April's closure of European airspace, caused by clouds of volcanic ash, led to disruption for hundreds of thousands of travellers.
And for one of them, Denis Cairnes, it meant flying an extra 1,900 miles and waiting three weeks before returning to the UK from a holiday in the Philippines.
He was due to fly back via Hong Kong, after taking a fortnight's holiday in April to visit one of his sons on the island of Palawan.
At a stop-over in Cebu City in the Philippines on the way home, his airline Cathay Pacific told him that the last leg of his trip would leave as scheduled, despite the developing chaos in Europe.
But when he got to his Hong Kong hotel in the early hours of 20 April, expecting to fly to London the next day, things had changed.
A five-line message told him the journey had been cancelled, and the next available flight would be on 12 May - three weeks hence.
The last line of the message from Cathay Pacific, said, without any trace of irony: "Have a good evening!"
Three week delay
Mr Cairnes now had an obvious problem.
"I was faced with what on earth I did with three weeks. I didn't want to stay in Hong Kong on my own, which would have been extremely expensive," he says.
"I went to see Cathay Pacific but they couldn't make any change to the flight dates, nor would they help with any flights back to the Philippines."
He decided to rejoin his son in the Philippines and sit out the wait, until making the return journey to Hong Kong again, for his eventual return home on 12 May.
An enforced additional holiday does not sound too much of a hardship, but that extra trip from Hong Kong to Palawan via Manila - and back - was a distance of nearly 1,900 miles.
It cost him an extra £550 in plane tickets and accommodation bills, as well as the inconvenience of a prolonged period away from home.
"I missed the election and I missed the funeral of one of my oldest friends in the UK and various other appointments," says Mr Cairnes.
"It was certainly expensive because I had to pay for the flights back to Palawan and then back again to Hong Kong, plus another night at a hotel in Hong Kong, and three nights in a hotel in Palawan when my son wasn't there."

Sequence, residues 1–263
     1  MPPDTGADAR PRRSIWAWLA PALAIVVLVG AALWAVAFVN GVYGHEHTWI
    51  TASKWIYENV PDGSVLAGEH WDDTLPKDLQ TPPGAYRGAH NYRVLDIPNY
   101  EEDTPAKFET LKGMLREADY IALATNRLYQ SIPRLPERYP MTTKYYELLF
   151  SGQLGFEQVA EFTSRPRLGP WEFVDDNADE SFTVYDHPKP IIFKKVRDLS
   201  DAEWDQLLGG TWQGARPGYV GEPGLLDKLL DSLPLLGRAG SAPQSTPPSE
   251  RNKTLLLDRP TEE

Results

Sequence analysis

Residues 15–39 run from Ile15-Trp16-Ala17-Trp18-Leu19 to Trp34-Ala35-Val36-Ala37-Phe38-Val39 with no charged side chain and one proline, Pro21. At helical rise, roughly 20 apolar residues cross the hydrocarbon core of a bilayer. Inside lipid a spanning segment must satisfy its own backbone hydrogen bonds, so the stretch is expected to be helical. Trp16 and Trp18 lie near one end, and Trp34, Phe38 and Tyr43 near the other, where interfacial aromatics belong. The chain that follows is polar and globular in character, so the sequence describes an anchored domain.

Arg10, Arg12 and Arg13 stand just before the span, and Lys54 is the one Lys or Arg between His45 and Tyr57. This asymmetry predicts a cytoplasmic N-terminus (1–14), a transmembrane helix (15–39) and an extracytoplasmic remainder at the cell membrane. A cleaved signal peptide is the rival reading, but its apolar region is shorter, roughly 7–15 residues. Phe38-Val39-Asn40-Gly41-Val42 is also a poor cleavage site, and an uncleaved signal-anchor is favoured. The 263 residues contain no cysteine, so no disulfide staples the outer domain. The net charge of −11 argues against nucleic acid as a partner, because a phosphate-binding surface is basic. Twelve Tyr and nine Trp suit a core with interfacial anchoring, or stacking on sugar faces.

Things would have been even worse if he had not had the money, or a base to return to, albeit far away.
"Had I not actually had the funds to do it, and the time, I would have been really stuffed," he points out.
"I would have been stuck in Hong Kong with no money, with three weeks to wait."
Many of those who had their flights cancelled did not wait for airlines to return them home and sought alternatives. So why did Mr Cairnes not try to get home a bit quicker, via some other route?
"I did contemplate the idea of flying, perhaps to Rome, and catching a train back to the UK, but even that was a bit uncertain and seemed to change daily," he explains.
"We didn't really know what the chances were of getting anywhere like that, and of course everybody was trying to do it so there was an awful scramble to get on some of those flights.
"You would have to have been willing to fly to any one of a number of different destinations, from which you may or may not have been able to get on."
The thing that sticks most in his mind is that he was simply left to his own devices, with no help.
"At every Cathay Pacific office I went to there were mobs of people waiting and trying to get some sense out of them, trying to reschedule flights," he says.
"The manager of the Cebu office eventually appeared to address the mob and said she was very sorry about the problems and they were trying to reorganise people's flights, but beyond that, there was no suggestion of any help at all."
The situation in Hong Kong was worse.
"There was even less help, and communicating with them was extremely difficult because they didn't answer the phone," Denis explains.
"I went to their office in Hong Kong and they said they couldn't do anything at that stage, they didn't seem to be at all organised."
Cathay Pacific told him he would not be given any form of compensation.
European rules say airlines should have paid for his hotel and food - but this would only have applied had he been stranded within the EU or had been travelling on an EU airline.
At his home in Mortlake in south west London, Denis is still finding it hard to get much satisfaction.
"I haven't been able to speak to the travel insurance people, they have only recorded announcements [on the phone] saying I should take up the matter with the airlines first," he explains.
"I phoned the Cathay Pacific offices and was kept on hold for about 45 minutes and gave up in the end," he adds.
On being told about Denis's story, a spokeswoman for Cathay Pacific acknowledged that some of its stranded passengers had hoped for more help, and said the airline would now contact him directly.
But she pointed out that the disruption had been unprecedented and on a vast scale, with 93 of its flights cancelled and 20,000 passengers stranded.
"Given the fluidity of the situation at the time, our front-line staff had done all they could under very difficult circumstances to help the stranded passengers," she said.
"The huge backlog of passengers and other constraints, such as the insufficient landing slots and airspace congestion in European airports, had prevented us from bringing home all our stranded passengers as quickly as we wanted.
"While we did receive a lot of compliments from other passengers for the way we handled the disruption, we know that there are cases where our passengers thought we could have done better," she added.